Student test scores are part of a new teacher and principal evaluation system that has won final approval from Georgia's Board of Education. (The Associated Press, April 3)

Administrator Certification
National board may pull plug on principal certification
A years-long endeavor to create national certification for principals is in peril of being scrapped, a move that could leave in the lurch more than 100 school leaders who invested 18 months of time and effort to take part in the program's rigorous pilot. (Education Week, April 3)

Higher Education
Pennsylvania's higher ed. system could give more power to colleges
The State System of Higher Education is poised to give some additional authority to its 14 member universities as a hearing is delayed on controversial legislation that would let the financially strongest of those schools secede. (Pittsburgh Post-Gazette, April 3)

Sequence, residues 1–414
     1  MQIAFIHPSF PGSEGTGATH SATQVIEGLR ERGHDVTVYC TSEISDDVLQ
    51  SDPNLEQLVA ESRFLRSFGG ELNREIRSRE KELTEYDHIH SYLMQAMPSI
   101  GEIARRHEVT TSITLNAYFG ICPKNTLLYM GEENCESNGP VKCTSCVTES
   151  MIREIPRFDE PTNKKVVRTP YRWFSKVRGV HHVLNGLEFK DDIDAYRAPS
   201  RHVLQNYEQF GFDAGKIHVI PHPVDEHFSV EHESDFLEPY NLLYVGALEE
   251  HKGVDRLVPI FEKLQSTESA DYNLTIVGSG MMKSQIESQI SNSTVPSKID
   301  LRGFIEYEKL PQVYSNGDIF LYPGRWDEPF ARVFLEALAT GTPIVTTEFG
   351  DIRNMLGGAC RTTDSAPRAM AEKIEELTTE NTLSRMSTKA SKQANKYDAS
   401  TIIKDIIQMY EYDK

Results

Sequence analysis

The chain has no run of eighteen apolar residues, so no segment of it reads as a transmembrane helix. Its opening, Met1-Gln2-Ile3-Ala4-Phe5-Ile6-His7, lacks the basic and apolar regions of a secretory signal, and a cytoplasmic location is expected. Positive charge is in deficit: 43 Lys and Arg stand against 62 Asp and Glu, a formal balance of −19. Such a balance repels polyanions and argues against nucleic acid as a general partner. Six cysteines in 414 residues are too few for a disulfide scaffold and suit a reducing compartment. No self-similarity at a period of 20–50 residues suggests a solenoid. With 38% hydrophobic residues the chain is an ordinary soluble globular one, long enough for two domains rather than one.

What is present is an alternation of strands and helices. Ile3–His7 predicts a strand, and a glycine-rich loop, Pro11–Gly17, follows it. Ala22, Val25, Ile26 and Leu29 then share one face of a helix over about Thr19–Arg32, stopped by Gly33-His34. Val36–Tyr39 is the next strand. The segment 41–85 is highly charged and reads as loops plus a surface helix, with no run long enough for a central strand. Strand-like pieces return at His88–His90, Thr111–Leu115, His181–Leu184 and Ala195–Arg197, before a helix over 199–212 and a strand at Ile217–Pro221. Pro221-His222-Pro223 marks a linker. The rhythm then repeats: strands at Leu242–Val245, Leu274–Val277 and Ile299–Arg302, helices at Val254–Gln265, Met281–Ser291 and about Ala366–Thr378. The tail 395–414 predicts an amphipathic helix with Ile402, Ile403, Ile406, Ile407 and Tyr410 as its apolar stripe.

School Accountability
Federal policy group issues waiver warning for Florida
A group of federal education policy experts say Florida could lose its waiver from No Child Left Behind over proposed changes to the Sunshine State's school grading and accountability laws. (Tampa Bay Times, April 3)

Teacher Seniority
South Carolina bill says teacher layoffs can't be seniority-based
Teachers' seniority must be downplayed in layoff decisions during budget cuts under a bill advancing in the South Carolina Senate. The bill requires the guidelines to be part of districts' policies beginning in 2016-17. (The Associated Press, April 3)


Friday, April 4

Students with Disabilities
Many frustrated with ignorance, lack of services